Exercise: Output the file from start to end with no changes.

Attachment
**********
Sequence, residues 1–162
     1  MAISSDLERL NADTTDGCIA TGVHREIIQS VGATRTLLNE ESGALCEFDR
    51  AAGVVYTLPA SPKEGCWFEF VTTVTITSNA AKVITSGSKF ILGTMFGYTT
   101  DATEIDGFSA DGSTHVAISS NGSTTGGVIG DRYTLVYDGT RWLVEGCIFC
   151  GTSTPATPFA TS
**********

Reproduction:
Sequence, residues 1–162
     1  MAISSDLERL NADTTDGCIA TGVHREIIQS VGATRTLLNE ESGALCEFDR
    51  AAGVVYTLPA SPKEGCWFEF VTTVTITSNA AKVITSGSKF ILGTMFGYTT
   101  DATEIDGFSA DGSTHVAISS NGSTTGGVIG DRYTLVYDGT RWLVEGCIFC
   151  GTSTPATPFA TS